Without independent labour representation, for years Foxconn has been able to get away with using ‘student interns’ who are not legally recognised as employees, and are often forced by their schools to work at the company’s plants. In 2010, following China’s economic recovery from the global financial crisis, 28,044 student interns from over two hundred technical and vocational schools all over China were assigned to the integrated Digital Product Business Group (iDPBG)—a Foxconn business group that exclusively serves Apple—to work alongside Foxconn employees in Shenzhen. This was a six-fold increase from the 4,539 interns who, according to Foxconn’s internal magazine, had been assigned to Foxconn’s Shenzhen plants in 2007. During the summer of 2010, Foxconn employed 150,000 student interns nationwide—15 per cent of its entire million-strong Chinese workforce.

In recent years, China’s leaders have sought to boost labour productivity through expanded investment in vocational training. The number of vocational high school students doubled from 11.7 million in 2001 to 22.4 million in 2010, even as regular high schools still enrolled a larger number of students than vocational high schools nationwide. Vocational schools follow a work-study model that emphasises the integration of education with production, as stated in China’s 1996 Vocational Education Law. They offer employment-oriented courses for eligible applicants who have completed nine years of schooling. The official goal for 2020 is to recruit 23.5 million students—50 per cent of the nation’s senior secondary student population—into three-year vocational programmes.

In this, Foxconn saw an opportunity to exploit student interns. A 2011 company statement claimed: ‘Foxconn cooperates with vocational schools to provide students with practical skills training that will enable them to find employment after they graduate from these programmes’. But Foxconn has said nothing either about the contents of its training programmes, nor about its skill evaluation methods. Working hand in glove with local governments, Foxconn has simply violated China’s internship regulations designed to protect students and assure that their career needs are served.

In the words of a sixteen-year-old Foxconn student intern whom I interviewed in 2011:

Come on, what do you think we’ve learned standing for more than ten hours a day manning machines on the line? What’s an internship? There’s no relation to what we study in school. Every day is just a repetition of one or two simple motions, like a robot.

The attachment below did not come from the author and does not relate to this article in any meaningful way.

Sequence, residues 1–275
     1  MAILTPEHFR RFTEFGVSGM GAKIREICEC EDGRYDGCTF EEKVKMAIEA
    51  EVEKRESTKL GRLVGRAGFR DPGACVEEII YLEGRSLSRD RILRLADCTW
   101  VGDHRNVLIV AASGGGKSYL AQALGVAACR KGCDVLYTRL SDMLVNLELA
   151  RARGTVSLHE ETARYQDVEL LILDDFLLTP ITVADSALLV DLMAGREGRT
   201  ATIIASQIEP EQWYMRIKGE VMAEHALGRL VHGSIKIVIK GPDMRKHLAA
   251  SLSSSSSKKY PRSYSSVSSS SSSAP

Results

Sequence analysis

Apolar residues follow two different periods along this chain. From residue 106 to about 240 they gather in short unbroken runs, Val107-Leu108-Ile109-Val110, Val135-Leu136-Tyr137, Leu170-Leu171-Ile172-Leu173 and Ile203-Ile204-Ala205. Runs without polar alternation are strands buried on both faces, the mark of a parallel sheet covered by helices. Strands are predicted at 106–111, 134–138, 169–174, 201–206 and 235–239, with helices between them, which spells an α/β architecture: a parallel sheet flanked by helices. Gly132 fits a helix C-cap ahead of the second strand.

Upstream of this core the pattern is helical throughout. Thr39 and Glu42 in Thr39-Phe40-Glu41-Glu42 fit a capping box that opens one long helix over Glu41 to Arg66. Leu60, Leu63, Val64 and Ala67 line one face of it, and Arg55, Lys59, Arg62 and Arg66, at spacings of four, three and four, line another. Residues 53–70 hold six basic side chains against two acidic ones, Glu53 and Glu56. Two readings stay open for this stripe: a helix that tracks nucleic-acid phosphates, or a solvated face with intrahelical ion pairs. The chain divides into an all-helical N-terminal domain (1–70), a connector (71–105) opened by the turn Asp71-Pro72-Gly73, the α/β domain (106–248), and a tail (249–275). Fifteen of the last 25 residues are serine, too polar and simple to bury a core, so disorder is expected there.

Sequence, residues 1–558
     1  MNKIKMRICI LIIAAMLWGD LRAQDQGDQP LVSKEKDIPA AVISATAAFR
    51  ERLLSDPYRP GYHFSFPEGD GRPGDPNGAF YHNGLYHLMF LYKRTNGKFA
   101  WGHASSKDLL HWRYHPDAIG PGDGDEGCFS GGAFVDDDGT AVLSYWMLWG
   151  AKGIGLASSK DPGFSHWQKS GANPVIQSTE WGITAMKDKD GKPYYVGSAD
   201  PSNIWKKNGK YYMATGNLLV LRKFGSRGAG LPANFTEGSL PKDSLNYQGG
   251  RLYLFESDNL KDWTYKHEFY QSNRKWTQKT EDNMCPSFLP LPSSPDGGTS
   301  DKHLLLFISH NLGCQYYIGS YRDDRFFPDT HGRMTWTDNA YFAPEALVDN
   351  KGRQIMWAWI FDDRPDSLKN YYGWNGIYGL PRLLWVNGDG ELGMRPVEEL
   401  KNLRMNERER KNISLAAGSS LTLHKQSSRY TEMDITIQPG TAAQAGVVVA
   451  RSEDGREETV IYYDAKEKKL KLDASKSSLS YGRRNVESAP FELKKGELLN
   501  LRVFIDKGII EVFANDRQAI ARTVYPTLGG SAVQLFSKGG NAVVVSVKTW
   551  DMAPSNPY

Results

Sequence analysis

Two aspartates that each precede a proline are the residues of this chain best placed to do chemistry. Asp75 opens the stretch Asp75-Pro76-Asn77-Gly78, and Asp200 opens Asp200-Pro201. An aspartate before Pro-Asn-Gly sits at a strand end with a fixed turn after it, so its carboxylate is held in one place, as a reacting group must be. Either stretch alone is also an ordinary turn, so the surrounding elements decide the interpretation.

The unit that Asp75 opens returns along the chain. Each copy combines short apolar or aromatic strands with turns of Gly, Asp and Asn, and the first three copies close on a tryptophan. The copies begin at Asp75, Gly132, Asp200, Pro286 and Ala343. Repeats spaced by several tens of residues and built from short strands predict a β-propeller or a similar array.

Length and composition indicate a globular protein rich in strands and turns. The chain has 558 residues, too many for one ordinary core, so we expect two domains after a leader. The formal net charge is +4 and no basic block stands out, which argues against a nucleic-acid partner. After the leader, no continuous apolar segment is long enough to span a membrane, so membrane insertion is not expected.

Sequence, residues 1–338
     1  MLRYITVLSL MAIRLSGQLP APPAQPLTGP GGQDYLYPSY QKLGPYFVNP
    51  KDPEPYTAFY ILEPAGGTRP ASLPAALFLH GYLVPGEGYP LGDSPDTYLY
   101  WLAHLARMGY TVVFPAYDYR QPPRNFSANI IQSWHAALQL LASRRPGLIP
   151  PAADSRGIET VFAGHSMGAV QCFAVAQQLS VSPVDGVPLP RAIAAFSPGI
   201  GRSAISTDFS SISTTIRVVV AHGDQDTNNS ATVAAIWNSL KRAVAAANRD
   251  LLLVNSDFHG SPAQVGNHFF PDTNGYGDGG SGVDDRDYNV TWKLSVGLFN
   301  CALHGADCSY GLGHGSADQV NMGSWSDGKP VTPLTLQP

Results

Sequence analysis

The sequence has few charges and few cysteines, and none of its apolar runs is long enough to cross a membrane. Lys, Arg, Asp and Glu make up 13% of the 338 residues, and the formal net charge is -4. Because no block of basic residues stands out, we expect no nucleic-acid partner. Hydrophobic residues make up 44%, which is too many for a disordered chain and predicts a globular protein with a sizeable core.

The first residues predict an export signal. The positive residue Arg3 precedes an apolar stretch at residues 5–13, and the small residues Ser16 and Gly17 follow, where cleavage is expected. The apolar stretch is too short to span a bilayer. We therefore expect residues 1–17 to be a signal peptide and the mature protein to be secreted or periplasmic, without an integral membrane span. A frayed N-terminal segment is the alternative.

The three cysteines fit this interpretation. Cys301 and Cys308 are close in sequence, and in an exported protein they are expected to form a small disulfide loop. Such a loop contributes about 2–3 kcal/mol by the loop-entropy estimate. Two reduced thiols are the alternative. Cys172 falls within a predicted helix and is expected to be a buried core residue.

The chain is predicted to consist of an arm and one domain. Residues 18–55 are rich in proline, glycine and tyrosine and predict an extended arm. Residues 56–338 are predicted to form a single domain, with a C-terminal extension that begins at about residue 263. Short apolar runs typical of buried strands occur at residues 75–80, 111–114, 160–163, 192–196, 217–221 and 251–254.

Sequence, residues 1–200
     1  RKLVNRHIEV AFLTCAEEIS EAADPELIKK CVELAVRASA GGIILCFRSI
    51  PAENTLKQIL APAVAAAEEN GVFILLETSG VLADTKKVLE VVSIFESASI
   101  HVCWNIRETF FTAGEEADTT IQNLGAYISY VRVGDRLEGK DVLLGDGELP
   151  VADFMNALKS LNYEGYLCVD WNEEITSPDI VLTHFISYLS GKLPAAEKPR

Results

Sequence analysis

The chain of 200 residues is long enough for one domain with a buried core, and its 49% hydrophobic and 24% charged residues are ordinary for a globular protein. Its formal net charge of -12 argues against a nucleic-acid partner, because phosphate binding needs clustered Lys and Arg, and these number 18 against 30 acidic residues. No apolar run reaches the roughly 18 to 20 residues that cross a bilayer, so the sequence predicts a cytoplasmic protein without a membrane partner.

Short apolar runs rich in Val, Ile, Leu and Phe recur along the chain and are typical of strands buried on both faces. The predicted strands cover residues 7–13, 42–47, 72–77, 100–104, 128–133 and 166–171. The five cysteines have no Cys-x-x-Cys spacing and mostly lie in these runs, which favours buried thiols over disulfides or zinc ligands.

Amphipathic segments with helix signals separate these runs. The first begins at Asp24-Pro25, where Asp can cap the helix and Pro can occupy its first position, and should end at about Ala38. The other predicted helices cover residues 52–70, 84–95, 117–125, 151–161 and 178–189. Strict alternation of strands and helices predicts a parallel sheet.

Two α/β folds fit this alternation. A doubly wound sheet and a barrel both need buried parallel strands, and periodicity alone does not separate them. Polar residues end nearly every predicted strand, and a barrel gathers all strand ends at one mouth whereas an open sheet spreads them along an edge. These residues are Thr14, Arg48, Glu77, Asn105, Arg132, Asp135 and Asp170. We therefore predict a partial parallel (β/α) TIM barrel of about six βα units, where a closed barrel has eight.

To this day, the company not only recruits students regardless of their field of study, it also routinely recruits them much earlier than is legally allowed, while they are still in their first or second year, rather than their final year of vocational school. Even worse, these so-called internships are often extended from three months to a full year to meet production needs, with scant regard for the students’ training needs.

Under mounting pressure, in 2016, the central government finally took some measures to protect the basic rights of student interns. Vocational schools were instructed to manage student internships in accordance with new regulations that came into force on 11 April 2016, superseding the 2007 Administrative Measures. Under this new regulatory regime, the duration of workplace-based internships should not exceed six months. Moreover, the regulations not only require that student internships provide substantial educational content and work-skill training, but also mandate comprehensive labour protections for student interns, such as eight-hour working days, no overtime and no night shifts. Above all, no more than 10 per cent of the labour force at ‘any given facility’, or no more than 20 per cent of the workers in ‘any given work position’, should consist of student interns at any point in time.

However, in spite of these legal improvements, the government has left intact incentives for corporations to continue to prioritise internship programmes as sources of cheap labour. With the passage of the 2016 Regulations, the statutory minimum level for paying interns is clearly specified: ‘Wages shall be at least 80 per cent of that of employees during the probationary period’. In other words, employers are still permitted to give student interns only 80 per cent of the income offered to full employees on the job, whether or not students’ productivity is less.

Ten Years On, the Campaign Continues

Global supply chains are not benign spaces of transnational trade. While rooted in local terrains, proliferating labour struggles in China have to simultaneously confront forces of global capitalism and the Chinese state. Workers are protesting and striking, labour rights groups are issuing statements demanding that corporations accept responsibility for worker abuses, and engaged scholars are analysing the structures of domination that drive labour control and eventually spark resistance. In solidarity with Chinese workers and student interns, and in an attempt to focus the spotlight on the ongoing illegal practices of Foxconn, Hong Kong-based advocacy group Students and Scholars Against Corporate Misbehavior (SACOM) has marked 2017 as the year of the global anti-sweatshop campaign ‘#iSlaveat10—No More iSlave’.

However, in spite of these transnational initiatives, the most important driving force for change remains the workers themselves. The current protests in localised and dispersed sites of resistance across China need to develop further through intra- and inter-class lines and across the urban-rural divide, growing into a more broadly based social movement. It is the evolving consciousness and praxis of the new generation of Chinese workers that will shape the future of China and global capitalism.

This article was originally published on Made in China, issue 3, 2017. Photo credits: Steve Jobs presenting the first iphone in 2007, Wikimedia Commons.
Jenny Chan
Jenny Chan
jennychan@chinoiresie.info

Jenny Chan is an Assistant Professor of Sociology at Hong Kong Polytechnic University and an Advisor of SACOM. She is co-author of Dying for an iPhone (with Mark Selden and Ngai Pun, forthcoming) and La machine est ton seigneur et ton maître [The Machine is Your Lord and Your Master] (with Yang and Xu Lizhi, 2015).